Wilson Central High School Principal Travis Mayfield is a bit (more than a bit) humble at his recent official "Administrator of the Year" announcements.
"Travis Mayfield is an administrator who is equally admired and respected by students and staff, evidenced by the recent recognition given as Administrator of the Year in two different areas," Wilson County Schools Director Dr. Donna Wright told The Wilson Post last Wednesday. "The accolades from teachers and students that have exploded on social media in the last two days validate what I have known about Mr. Mayfield: he is child-centered in his thinking and a strong advocate for his teachers! This is who Travis Mayfield really is and I suspect that he is uncomfortable about the recognition he is receiving, but so deserves!"
Mayfield said what makes this good is because it was the nominations of faculty and students that made it possible. Mayfield indicated he wanted to get the hoopla out of the way as quickly as possible and get on to the business of running the 1,700-plus pupil high school.
Over the weekend Mayfield was named "Administrator of the Year" by the Tennessee Association of Student Council Administrators and soon after named "Outstanding Administrator for 2017" by the Tennessee Music Education Association.
"The people and the students made this possible," Mayfield said Wednesday. "This is a good place to be and basically high school is high school and we need to educate close to 2,000 young people."
Wilson Central High School is a "good place to be" after an absence of five years when Mayfield was led by a higher calling - family - when he resigned from Wilson Central High School as principal in 2010 to become assistant principal at Independence High School in Franklin, Tenn.
"I originally came to WCHS in 2005 as assistant principal," Mayfield rehashed. "I became principal in 2006 when Larry Kernagis resigned."
Four years later he made the monumental decision to resign as principal at Wilson Central and "step down" to assistant principal at Independence High School, because of his loyalty to his children. He has four, and his twins, Braden and Madison, now 21, were ninth graders at the time at that school and he needed to be near them and watch them grow up and experience high school. As assistant principal there he was able to, "be around them everyday and see their high school careers."
At the time his son ran cross-country, among other sports, and his daughter played volleyball and was involved in theatre.
It was a strategic family move and he knew time was precious and he'd never have another chance to share in the experience.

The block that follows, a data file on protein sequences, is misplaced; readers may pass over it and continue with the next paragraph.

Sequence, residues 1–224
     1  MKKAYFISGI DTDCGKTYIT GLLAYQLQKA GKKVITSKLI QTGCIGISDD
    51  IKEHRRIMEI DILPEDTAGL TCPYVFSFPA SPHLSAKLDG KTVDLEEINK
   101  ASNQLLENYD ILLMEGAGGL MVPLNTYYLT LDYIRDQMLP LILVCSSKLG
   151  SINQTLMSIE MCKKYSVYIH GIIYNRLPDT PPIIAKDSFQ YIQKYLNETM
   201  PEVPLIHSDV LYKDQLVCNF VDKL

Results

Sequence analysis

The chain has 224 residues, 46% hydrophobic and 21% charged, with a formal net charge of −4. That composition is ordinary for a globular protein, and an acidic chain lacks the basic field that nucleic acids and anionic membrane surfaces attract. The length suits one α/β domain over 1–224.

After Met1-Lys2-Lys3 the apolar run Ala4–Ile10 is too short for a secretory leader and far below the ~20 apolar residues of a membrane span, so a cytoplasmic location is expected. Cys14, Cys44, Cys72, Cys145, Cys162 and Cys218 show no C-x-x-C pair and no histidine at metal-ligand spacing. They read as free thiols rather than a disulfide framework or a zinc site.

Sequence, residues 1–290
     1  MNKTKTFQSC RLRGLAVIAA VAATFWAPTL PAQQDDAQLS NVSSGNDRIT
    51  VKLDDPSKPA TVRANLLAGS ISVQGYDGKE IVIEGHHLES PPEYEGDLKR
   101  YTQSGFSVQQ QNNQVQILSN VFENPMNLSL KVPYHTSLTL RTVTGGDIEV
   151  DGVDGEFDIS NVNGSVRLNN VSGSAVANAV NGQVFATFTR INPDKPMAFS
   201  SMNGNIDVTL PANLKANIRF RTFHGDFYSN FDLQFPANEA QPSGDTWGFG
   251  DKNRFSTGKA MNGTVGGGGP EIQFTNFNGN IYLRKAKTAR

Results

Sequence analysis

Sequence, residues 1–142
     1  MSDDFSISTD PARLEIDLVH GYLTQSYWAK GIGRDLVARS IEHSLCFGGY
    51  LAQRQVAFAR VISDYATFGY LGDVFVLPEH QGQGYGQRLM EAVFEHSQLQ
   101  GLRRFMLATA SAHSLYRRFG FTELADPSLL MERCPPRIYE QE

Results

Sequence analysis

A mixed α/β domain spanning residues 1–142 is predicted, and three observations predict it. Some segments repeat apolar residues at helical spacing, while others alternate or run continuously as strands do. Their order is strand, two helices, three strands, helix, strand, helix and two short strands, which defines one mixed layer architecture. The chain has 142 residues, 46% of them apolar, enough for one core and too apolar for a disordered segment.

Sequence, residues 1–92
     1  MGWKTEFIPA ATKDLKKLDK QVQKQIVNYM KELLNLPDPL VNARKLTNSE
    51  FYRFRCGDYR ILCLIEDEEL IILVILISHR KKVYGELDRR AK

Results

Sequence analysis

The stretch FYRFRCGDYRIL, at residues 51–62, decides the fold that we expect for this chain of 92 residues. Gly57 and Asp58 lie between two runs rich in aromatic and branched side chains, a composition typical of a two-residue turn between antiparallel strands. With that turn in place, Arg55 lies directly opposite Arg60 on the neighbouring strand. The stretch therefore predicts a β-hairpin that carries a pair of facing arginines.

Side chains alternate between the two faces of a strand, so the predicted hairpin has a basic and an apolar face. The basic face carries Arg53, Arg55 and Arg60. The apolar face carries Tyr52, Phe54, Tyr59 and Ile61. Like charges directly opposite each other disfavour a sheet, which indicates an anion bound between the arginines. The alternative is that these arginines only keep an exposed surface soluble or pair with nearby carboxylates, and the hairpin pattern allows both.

"As far as the move from principal of a huge school to an assistance principal, I'm in education, and only want to help students," he explained about his career change and leaving Wilson Central. "It's way more than a title and a status symbol. I knew I could make a difference wherever I was."
He watched his twins graduate and in 2015 former WCHS principal Pat Suddarth retired. He knew the now Wilson County Schools Director Dr. Donna Wright from when she was in Williamson County and he kept connections in Wilson County while away as South Side's wrestling coach.
"For five years I still lived in Wilson County and drove 50 miles one way to Independence High School," Mayfield noted.
He got the job in 2015 and regained title as Wilson Central principal. The school grew from 1,600 students when he left to over 1,900 today.
"Dr. Wright is now head of the system and there is a new direction as well," Mayfield said.
He has four assistant principals to help guide the huge high school. Now two years into his second stint, Mayfield said he wants to continue the ACT benchmark of 21 and hopefully achieve a 22.5 in the next few years.
"We are striving to increase this ACT number," Mayfield said. "We want a 19 to graduated, a 21 to attain the HOPE scholarship and those with a 26 we want to elevate to a 30 for a full ride scholarship, these are our initiatives."
Mayfield said his overall focus in the coming years is to reach the cultural expectation of achieving academic excellence.
"I'm about supporting the education of all the students," he said. "Kids have different interests and my scope is broad."
Mayfield's success and popularity relates to his efforts to attend as many school events as possible. He's a popular fixture at things such as the October Student Council Conference hosted by Wilson Central.
"I came everyday, and spoke," he said.
He also meets with the band and "arts" teachers on a regular basis to support their efforts. He listens to the band classes. He watches the marching and drum lines.
"In reality, without school leadership these extracurricular activities don't do well," he said.
While he said there are upcoming challenges, he believes his stint as assistant principal in Williamson County "taught" him a lot.
"I want the best practices and programs as possible and use our resources wisely," he said.
Outside of principalship, Mayfield said he concentrates on his other children who are fifth and fourth graders at Southside and there's not much time for hobbies at this point.
"It's all a balancing act," he said with a smile.